Just abbreviating it in the above line caused me to cringe because these types of things are not in my personal style manual.

  • JewelEyed

    It can also mean Not Safe For Work.

  • Alan Gore

    To the airline flack who came up with “While you’re waxing enthusiastic about the good old days when the Civil Aeronautics Board regulated airlines, don’t forget to tell readers that flying was way more expensive” let me set him straight.

    The CAB regulated ROUTES and FARES, which is why it made travel more expensive. In those days, airlines gamed the system to keep the number of competitors down and the fares high.

    When this ‘analyst’ claims that minimum seat width standards would be the same as a return to the CAB, he’s lying and he knows it. Pick any time when the seats were as wide as any given proposed standard, and tell us how “high” they were compared to today.

  • KanExplore

    I do appreciate it that commenters are required to refrain from calling each other names and descending into those all too dull spats that many comment sections online are now dominated by. I’ll probably disagree fairly often, but also give credit when I feel credit is due.

    Actually I do think airlines should lower airfares, or at least that they would lower them more than they already have if not for the decline in competition. I suspect DOJ would never have given the green light for the American /US Airways merger if it had known plummeting fuel prices would change the economics of running an airline so dramatically.

  • Rebecca

    You should see the emails the doctor that runs quackwatch gets. They do make for some interesting reading:

    He also has been sued.

  • mdy2k1

    Chris Elliott writes: Send me compelling cases. Or maybe an interesting question.

    Since we are in Meta-Elliott territory, here’s my idea.
    Whenever somebody writes for help, there’s always several commentators who shout “Get Travel Insurance!!”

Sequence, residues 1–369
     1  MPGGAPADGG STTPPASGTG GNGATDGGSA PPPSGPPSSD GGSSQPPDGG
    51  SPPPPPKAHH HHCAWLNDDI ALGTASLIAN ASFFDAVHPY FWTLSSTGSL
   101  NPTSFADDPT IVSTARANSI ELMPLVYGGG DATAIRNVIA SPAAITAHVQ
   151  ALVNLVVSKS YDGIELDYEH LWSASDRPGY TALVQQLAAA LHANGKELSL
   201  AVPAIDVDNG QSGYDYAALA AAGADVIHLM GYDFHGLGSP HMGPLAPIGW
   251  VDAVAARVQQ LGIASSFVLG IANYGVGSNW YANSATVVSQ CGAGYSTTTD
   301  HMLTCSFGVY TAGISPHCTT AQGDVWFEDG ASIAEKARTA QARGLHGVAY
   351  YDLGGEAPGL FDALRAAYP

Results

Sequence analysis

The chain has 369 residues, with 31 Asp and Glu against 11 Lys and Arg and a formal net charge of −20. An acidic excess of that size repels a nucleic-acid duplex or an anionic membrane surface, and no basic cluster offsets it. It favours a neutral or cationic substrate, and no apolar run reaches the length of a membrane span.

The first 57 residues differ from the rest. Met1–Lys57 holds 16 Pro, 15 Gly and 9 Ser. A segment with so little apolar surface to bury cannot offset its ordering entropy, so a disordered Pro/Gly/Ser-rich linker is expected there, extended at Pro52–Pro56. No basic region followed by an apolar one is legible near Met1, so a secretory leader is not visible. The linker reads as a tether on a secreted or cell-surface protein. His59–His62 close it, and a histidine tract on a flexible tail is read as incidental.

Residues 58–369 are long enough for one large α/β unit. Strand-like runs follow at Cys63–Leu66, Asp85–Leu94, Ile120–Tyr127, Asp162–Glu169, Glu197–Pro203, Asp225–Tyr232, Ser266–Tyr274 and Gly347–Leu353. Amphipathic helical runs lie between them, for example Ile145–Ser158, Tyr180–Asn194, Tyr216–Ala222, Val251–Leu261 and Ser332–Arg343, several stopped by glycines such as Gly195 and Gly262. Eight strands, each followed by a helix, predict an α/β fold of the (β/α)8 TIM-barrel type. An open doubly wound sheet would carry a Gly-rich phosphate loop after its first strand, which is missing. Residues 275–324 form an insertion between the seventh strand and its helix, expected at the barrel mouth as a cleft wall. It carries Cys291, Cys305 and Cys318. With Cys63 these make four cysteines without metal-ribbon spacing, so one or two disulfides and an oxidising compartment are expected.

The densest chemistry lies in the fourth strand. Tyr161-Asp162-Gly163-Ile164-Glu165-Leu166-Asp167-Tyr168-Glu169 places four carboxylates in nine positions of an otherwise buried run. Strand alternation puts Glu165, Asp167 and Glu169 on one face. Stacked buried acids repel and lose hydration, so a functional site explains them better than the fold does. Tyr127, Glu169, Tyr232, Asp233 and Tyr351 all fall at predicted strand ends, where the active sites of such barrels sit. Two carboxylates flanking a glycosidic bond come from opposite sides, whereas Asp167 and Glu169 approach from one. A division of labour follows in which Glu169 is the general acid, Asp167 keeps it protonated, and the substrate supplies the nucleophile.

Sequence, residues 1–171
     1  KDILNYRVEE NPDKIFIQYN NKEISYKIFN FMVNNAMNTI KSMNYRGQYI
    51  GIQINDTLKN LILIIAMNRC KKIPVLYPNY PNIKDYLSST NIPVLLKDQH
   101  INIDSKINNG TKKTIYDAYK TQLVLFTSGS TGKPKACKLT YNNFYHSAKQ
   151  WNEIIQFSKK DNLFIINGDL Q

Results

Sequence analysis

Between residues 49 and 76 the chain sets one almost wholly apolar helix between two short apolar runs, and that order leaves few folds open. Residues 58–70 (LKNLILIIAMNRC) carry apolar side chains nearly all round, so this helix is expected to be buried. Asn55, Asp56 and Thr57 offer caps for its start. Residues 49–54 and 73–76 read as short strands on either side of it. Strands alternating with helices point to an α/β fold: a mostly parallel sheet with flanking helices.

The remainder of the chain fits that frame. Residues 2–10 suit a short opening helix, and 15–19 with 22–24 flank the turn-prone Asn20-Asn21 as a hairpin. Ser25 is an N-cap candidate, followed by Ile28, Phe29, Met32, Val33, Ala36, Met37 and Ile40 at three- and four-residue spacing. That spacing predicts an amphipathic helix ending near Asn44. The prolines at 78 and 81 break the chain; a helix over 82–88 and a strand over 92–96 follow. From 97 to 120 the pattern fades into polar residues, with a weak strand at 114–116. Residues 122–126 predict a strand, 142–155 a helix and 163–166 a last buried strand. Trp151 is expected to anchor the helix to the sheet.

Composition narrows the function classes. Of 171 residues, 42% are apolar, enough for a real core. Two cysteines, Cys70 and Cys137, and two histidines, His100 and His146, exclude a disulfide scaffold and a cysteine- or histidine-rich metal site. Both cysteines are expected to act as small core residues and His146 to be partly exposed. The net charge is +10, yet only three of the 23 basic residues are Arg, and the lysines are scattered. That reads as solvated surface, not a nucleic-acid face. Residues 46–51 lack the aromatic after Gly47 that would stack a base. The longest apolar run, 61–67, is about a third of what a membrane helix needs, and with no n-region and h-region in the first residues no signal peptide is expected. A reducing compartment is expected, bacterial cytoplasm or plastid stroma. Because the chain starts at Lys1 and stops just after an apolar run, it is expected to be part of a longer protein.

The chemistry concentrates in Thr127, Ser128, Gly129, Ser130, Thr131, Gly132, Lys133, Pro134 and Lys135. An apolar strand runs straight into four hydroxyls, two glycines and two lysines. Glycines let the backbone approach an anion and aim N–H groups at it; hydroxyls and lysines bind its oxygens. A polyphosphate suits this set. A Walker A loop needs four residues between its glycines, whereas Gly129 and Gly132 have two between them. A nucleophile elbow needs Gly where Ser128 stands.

Whenever somebody writes for help about their travel insurance, there’s always several commentators who shout “YOU SHOULD HAVE READ YOUR POLICY!!!”
    Whenever somebody writes for help about an ambiguously worded travel insurance policy, there’s always several commentators who shout “YOU SHOULD HAVE A TALMUDIC SCHOLAR READ YOUR POLICY!!!”

    The drawback with travel insurance is you never know with 100% confidence what’s really covered. This ambiguousness turns people off from buying insurance.

    You have an travel insurance underwriter in Allianz.

    What I’d like to propose, with a few requesters per year is to take their situation and see how it would work under the various Allianz policies. For example the group that had to book new flights to get to their Alaska Tour from last week. Would the annual travel or Domestic Travel Plan insurance package have covered their expenses? Why or why not?

  • Patrica

    Oh my goodness Chris! I don’t really care what kind of car you ALL drive just as long as we have you and volunteers who care to research/edit/keep the screen clean of dirty fighting. There will always be nay-sayers. And then there’s the rest of us…watchful and also grateful. for the work advocates do.

  • Don Spilky

    LOVE this thought.

  • Grant Ritchie

    Thanks, md. Intriguing idea. I’ve copied it to Chris to make sure he sees it. And may I suggest that, in future, you submit ideas like this directly to him, too. He loves this kind of thing, and I’d hate to see him miss it. Here’s his address for next time: :-)

  • Tammi Tanaka

    “meddling minions”… ?… Oh, Grant Ritchie, say it ain’t so! So many times, it’s additional statements from a moderator that helps clarify an issue.

  • Grant Ritchie

    Ha… Chris is the meddler-in-Chief! He NEEDS a minion or two to keep him in line. :-)

  • Blamona

    I love your “form” letter response, I might have to use similar attitude with haters!